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East of England education could do (a lot) better





Opinion | Andy Forbes, education and skills lead, Eastern Powerhouse

Andy Forbes, Eastern Powerhouse (60268250)
Andy Forbes, Eastern Powerhouse (60268250)

While the Eastern Powerhouse may be primarily a business-led organisation, education is still one of our top priorities. The reason is simple: skills shortages are amongst the biggest challenges facing business in the East of England, and this dearth of talent is slowing growth and preventing companies from finding the workers they need to stay competitive.

Simply put, our education system just isn’t producing enough skilled professionals in key growth sectors like engineering, construction, digital technology, and renewable energy – and the cracks are starting to show. This is a long-standing problem. However, in the wake of Brexit and the pandemic, a flood of skilled and experienced staff dropping out of the jobs market has turned a nagging hiring problem into a full-blown crisis.

The skill shortage is also a nation-wide issue, yet the problem has been most acutely felt in the East. Due to the lack of any large conurbations in the region – resulting in a poor and disjointed transport infrastructure – many local students face the extra challenge of long and difficult journeys to their college. And cuts to bus services in places like Cambridge are only making the situation worse.

On top of that, students in the East who are following vocational education pathways (like new T-levels) have far fewer opportunities available than their counterparts elsewhere. A student living in Hertford, for example, has 16 T-Level providers within a 20-mile radius to choose from. Those living in Cambridge have only one option – meaning students who want to complete a T-level in digital production, say, have to travel to Milton Keynes just to attend class.

However, the skills shortage problem is not just about getting young people into good jobs; its also about how to encourage the existing workforce to upgrade their skills and improve their career prospects through training.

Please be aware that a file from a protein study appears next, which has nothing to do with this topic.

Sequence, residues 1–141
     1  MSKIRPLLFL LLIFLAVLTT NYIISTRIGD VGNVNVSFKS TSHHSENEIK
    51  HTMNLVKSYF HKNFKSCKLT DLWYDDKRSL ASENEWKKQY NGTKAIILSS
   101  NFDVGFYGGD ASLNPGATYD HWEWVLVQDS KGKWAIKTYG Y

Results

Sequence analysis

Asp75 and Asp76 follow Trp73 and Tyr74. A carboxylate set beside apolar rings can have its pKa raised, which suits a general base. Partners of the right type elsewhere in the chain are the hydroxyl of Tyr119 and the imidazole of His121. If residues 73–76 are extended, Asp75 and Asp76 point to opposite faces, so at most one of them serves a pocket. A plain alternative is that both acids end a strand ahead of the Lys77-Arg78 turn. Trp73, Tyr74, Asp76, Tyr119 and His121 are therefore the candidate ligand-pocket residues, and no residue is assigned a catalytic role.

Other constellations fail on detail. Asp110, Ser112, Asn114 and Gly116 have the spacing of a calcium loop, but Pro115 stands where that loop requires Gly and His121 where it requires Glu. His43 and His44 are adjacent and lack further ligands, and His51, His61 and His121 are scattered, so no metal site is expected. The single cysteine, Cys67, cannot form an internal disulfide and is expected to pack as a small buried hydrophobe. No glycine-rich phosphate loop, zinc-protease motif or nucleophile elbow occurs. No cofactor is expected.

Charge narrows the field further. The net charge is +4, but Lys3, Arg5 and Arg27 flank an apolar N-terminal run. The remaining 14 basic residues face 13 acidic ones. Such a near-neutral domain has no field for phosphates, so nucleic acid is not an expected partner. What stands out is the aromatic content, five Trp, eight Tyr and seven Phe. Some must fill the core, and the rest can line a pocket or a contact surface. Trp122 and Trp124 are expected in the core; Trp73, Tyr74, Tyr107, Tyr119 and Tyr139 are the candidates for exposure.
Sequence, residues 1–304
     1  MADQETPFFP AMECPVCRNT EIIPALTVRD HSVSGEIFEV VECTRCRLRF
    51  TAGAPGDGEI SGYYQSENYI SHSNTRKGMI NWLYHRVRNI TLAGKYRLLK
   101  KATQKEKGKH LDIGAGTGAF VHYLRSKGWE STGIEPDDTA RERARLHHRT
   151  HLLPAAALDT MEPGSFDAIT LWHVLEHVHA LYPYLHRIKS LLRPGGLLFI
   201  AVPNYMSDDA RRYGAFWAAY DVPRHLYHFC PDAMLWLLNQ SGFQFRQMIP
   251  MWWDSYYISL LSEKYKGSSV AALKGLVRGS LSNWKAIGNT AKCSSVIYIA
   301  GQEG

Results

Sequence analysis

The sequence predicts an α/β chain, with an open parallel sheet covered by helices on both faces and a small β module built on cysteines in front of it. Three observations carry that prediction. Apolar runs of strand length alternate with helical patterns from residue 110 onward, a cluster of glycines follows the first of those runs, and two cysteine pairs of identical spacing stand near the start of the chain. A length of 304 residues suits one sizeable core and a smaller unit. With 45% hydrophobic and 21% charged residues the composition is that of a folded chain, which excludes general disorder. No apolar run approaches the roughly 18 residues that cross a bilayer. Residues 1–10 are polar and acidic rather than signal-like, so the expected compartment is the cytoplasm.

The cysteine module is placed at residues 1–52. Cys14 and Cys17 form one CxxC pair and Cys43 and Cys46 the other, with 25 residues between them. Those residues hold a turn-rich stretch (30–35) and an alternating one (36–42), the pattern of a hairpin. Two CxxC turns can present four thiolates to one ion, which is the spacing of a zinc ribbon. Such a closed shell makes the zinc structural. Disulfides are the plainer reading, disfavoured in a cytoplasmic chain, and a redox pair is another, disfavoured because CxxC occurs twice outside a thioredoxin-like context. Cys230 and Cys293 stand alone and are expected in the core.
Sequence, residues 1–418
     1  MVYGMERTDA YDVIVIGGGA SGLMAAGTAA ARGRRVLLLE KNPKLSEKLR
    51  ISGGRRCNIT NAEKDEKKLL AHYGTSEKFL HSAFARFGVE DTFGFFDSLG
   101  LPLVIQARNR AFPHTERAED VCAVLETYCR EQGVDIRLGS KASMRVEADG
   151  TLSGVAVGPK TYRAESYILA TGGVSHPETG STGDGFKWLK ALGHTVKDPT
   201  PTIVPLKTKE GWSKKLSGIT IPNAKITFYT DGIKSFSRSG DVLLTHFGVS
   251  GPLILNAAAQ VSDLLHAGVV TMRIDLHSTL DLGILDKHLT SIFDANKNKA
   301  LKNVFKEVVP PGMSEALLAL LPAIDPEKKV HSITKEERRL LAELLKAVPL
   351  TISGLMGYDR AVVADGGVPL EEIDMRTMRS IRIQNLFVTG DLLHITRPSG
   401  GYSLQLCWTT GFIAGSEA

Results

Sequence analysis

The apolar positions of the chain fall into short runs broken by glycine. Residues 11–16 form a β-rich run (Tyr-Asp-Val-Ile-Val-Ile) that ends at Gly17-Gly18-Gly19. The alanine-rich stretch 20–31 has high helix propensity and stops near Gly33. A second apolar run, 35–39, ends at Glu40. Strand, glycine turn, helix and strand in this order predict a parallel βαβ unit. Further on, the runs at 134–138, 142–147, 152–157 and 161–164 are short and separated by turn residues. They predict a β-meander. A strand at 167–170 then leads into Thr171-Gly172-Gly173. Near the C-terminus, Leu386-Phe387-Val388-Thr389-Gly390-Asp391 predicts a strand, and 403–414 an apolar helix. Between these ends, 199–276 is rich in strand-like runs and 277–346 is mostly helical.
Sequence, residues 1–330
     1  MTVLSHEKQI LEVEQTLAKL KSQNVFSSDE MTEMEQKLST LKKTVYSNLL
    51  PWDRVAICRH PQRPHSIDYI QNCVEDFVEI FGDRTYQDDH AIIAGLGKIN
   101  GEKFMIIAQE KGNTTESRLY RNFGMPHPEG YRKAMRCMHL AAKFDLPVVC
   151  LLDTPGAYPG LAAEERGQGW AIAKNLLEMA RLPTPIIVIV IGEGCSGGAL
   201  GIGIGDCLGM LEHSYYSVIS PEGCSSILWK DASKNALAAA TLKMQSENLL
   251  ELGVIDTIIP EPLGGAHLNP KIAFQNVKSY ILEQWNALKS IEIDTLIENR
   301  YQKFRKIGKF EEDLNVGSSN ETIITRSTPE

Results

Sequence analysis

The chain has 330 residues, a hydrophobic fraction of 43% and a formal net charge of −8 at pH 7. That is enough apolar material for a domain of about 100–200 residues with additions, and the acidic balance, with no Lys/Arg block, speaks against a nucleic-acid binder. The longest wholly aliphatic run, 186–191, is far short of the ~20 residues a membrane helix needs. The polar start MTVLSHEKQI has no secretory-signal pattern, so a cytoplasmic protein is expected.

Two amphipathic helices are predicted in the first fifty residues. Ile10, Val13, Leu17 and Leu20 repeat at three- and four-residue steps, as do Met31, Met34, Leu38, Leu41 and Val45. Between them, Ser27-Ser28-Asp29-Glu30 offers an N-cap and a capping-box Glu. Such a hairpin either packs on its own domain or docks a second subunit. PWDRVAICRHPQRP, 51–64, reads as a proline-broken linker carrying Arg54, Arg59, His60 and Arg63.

With the rapid advance of new technologies, we desperately need a lifelong learning-based approach which ensures existing staff stay ahead of the curve. Sadly, the East has one of the lowest rates of apprenticeship starts in the country, and lags behind most of England in the amount of training delivered by employers.

How might we fix this? An obvious answer would be to greatly improve the level of subsidy offered for student public transport; raising it to match the amount available in Manchester and London, where students and apprentices can travel free of charge. Another useful step would be to increase the funding available for schools and colleges in rural areas – allowing them to arrange their own transport solutions for students where public utilities are insufficient.

In terms of boosting on-the-job training, employers need to be given more incentives, like tax credits, to invest in the up-skilling and reskilling of their staff. However, the long-term solution to the skills issue may have to be even more radical.

Currently, areas like Greater Manchester and the West Midlands are seeking to create a single jobs market across their regions by pursuing an integrated education and transport strategy. The East of England could develop a similar unified strategy for educational opportunities – involving not just schools, colleges and universities, but employers as well.

Gaps in provision, barriers such as travel and cost, and issues with the range and quality of available work experience, are all issues that need to be addressed more strategically. This wouldn’t just benefit students, but would also be a big boost to employers in the region looking to plug skills gaps and raise productivity.

At present the East of England is an archipelago of disconnected islands, which often fail to communicate as they should. Some, like Cambridge, are hot spots for education and skills, but there are far too many cold spots in the East where local students are falling through the cracks.

To (mis)quote the great poet John Donne: “No town is an economic island entire of itself”. Coordinated action at a regional level may be needed to join our islands up, and make the most of our collective assets. With a rapidly growing membership of employers, colleges, universities and local authorities, the Eastern Powerhouse is taking a lead in doing just that.

Andy Forbes is a former FE College principal in Hertfordshire, London, and Bristol. He is now head of development at ResPublica, which set up the Eastern Powerhouse in March this year.

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